Sexism is still a problem for women and girls

Meagan Ford

Ten hours of walking in jeans and a t­-shirt, no skin showing aside from arms, neck and face. And over 100 times, Shoshana B. Roberts faced comments like “What’s up beautiful,” “How you doing,” and “Hey baby!” At one point a man only repeated “Damn. Damn!” as she walked away

Street harassment is far from unusual in the lives of many American women, even today in an age where Beyonce can give a performance to the backdrop of a giant glowing sign reading “FEMINISM.” Street harassment is just a single evidence of sexism; compared to some modern examples of sexism, in fact, the story of Shoshana Roberts seems downright tame.

In 2011, the internet saw a huge backlash against female video game critic Anita Sarkeesian, who posted six videos in a Web­series called “Tropes vs. Women.” Sarkeesian called attention to the rampant sexism in video games, not limited to the common female “armor” that consisted of chainmail bikini­wearing female characters with giant breasts. The response was awe­inspiringly horrifying.

Sarkeesian’s Wikipedia page was edited to call her a hooker; gamers sent her photoshopped pictures of her being raped by video game characters; a video game was created with the invitation to “beat the b**** up” and Sarkeesian received numerous rape threats delivered to her own home before fleeing for her own safety. When Sarkeesian attempted to flag a tweet saying “@femfreq I will rape you when I get the chance,” Twitter responded that the tweet was not in violation of the Twitter Rules.

Most harassment isn’t as obvious as that. Sometimes determining which actions are harassment and which are just casual can be extremely difficult. The definition of sexism is simpler: it means thinking of one sex as inferior to the other. And teen girls and women are more often at the receiving end of it in the form of sexual harassment.

“It (harassment) involves unwanted behaviors,” Dianna Bartlow, chair of Women’s Studies at California State University Northridge, said. “People know how it feels to their gut.”

When girls and women listen to their guts, the statistics they report on sexism can be shocking. According to one study, 1 in 4 girls experience dating violence as teens, with dating violence being defined as a “controlling, abusive, and aggressive behavior in a romantic relationship… It can include verbal, emotional, physical, sexual abuse or a combination.” The abuse can be blatant or subtle, composed of obvious physical or verbal assaults simply serving to tear a partner down emotionally.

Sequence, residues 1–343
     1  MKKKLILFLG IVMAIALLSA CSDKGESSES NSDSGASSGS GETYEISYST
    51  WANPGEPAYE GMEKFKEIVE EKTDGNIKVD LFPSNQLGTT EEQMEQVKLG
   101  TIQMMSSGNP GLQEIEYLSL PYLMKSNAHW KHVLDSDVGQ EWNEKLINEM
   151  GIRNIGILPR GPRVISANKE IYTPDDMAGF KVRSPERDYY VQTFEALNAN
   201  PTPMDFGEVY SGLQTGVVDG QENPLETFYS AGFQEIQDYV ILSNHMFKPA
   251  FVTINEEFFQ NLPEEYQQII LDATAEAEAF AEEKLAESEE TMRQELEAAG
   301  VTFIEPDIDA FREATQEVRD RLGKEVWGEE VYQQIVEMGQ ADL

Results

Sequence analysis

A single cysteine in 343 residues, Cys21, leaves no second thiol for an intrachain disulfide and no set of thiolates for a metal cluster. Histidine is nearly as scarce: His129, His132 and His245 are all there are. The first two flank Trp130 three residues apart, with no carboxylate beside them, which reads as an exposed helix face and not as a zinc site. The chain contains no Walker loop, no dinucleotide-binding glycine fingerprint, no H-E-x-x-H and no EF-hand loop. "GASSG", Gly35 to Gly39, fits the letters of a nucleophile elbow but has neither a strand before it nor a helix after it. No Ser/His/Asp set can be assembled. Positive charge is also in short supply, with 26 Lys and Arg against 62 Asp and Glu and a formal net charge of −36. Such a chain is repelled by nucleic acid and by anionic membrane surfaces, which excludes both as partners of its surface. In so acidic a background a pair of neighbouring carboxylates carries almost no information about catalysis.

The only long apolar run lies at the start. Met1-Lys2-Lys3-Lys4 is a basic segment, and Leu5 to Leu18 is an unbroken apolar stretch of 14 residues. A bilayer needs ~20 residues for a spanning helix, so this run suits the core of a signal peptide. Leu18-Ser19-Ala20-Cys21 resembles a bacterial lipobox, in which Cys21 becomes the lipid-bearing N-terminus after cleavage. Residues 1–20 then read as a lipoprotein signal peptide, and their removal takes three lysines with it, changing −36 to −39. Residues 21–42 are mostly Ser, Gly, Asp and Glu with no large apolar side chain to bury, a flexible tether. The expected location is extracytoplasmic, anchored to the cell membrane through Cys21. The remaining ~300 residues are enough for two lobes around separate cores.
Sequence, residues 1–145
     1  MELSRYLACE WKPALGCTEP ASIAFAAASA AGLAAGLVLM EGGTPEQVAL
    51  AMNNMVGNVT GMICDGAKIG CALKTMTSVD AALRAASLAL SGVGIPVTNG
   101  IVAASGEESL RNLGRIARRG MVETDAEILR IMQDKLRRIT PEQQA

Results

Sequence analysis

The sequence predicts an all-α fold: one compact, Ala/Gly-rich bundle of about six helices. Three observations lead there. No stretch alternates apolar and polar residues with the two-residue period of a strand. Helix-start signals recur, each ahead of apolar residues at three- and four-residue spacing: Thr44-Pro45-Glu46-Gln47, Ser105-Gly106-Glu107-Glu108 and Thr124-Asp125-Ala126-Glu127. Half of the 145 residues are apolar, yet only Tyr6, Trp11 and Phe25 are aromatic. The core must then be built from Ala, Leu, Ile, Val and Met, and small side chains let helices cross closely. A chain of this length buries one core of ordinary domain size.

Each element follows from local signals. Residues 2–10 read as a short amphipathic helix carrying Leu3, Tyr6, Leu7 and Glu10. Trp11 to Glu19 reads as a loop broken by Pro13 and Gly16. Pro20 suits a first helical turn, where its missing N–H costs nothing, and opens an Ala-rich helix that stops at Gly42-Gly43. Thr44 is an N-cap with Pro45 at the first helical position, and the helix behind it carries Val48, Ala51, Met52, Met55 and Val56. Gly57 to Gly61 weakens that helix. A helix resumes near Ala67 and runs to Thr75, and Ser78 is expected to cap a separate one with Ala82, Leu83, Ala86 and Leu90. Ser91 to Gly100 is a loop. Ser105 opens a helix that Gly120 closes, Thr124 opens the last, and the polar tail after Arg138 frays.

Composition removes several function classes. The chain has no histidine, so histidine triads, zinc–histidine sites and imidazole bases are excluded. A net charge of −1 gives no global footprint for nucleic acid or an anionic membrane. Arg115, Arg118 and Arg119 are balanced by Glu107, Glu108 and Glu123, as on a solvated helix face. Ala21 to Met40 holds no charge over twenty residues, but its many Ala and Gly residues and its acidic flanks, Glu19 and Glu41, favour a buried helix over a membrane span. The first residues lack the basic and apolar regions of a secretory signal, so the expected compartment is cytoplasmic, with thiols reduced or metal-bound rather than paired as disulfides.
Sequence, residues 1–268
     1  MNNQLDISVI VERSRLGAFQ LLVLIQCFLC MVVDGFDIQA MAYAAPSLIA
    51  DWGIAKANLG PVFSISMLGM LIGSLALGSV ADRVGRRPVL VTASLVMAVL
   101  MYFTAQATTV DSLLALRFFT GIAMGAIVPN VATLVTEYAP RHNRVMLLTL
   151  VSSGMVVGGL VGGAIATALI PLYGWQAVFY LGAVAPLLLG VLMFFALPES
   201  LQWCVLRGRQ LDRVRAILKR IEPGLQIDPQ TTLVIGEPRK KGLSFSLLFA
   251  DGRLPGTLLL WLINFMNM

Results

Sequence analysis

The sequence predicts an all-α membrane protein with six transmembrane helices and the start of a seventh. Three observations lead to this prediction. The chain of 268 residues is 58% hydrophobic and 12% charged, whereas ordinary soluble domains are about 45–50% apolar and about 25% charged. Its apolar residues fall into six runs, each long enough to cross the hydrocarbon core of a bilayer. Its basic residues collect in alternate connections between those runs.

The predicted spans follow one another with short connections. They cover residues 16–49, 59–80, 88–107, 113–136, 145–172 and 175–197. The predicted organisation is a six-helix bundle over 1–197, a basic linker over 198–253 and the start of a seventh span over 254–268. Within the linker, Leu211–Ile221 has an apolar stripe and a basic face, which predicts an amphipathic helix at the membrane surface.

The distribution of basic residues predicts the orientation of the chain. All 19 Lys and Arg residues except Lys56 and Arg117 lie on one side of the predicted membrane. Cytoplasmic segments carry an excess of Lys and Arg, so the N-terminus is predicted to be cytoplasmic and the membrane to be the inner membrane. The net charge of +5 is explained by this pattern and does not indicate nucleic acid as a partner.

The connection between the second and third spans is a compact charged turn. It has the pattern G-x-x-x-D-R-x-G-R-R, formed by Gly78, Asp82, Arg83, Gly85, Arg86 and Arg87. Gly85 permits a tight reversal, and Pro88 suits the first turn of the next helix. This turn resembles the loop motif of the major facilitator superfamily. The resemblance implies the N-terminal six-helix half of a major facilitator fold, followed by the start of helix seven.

Few teen girls will go on to date someone who catcalls them across the street but it can be easy not to notice a subtle sexual comment. Title IX demands that schools investigate into any reported cases of sexual violence but a “That’s what she said” comment rarely calls for that much alarm.

The Equal Employment Opportunity Commission defines sexual harassment as including unwanted sexual behavior, from actual rape to more mundane actions, such as catcalling, pressure for dates, unwelcome physical contact including touching or pinching and sexual teasing. The list goes on. The problem for teens comes when it becomes difficult to distinguish normal teasing and unwanted sexual behavior.

Frankly, teens talk about sex. Sex is the punchline of hundreds of jokes, day in and day out, so that even a definition of the various behaviors that make up sexual harassment can become useless in the face of “It’s just an inside joke!” and “She knows I don’t mean it!”

Maybe she does, or maybe she doesn’t. For a teen girl, a vital survival strategy against sexism is to know what is or isn’t uncomfortable. “Jokes” can work to destroy a person’s sensitivity to what assault is actually meant seriously. The moment any teen (and this includes both girls and boys) is put into a sexual or simply sexist situation that makes them uncomfortable, it’s important to get out.

Sexism and abuse can be obvious or carefully hidden; depending on the person and situation, a sexual comment can be a hundred different things, and 99 of those things aren’t abuse. But 1 in 4 teen girls being abused by a dating partner, whether that is an overestimation or not, is nothing to laugh at. In a world where cases such as Roberts’ and Sarkeesian’s are still plausible (this not even mentioning all the times things like rape on college campuses are brought up in current media), there is something wrong with how common sexism is.

“There should be an awareness,” said Dianne Bartlow. “I think the first piece is… to become conscious and aware.”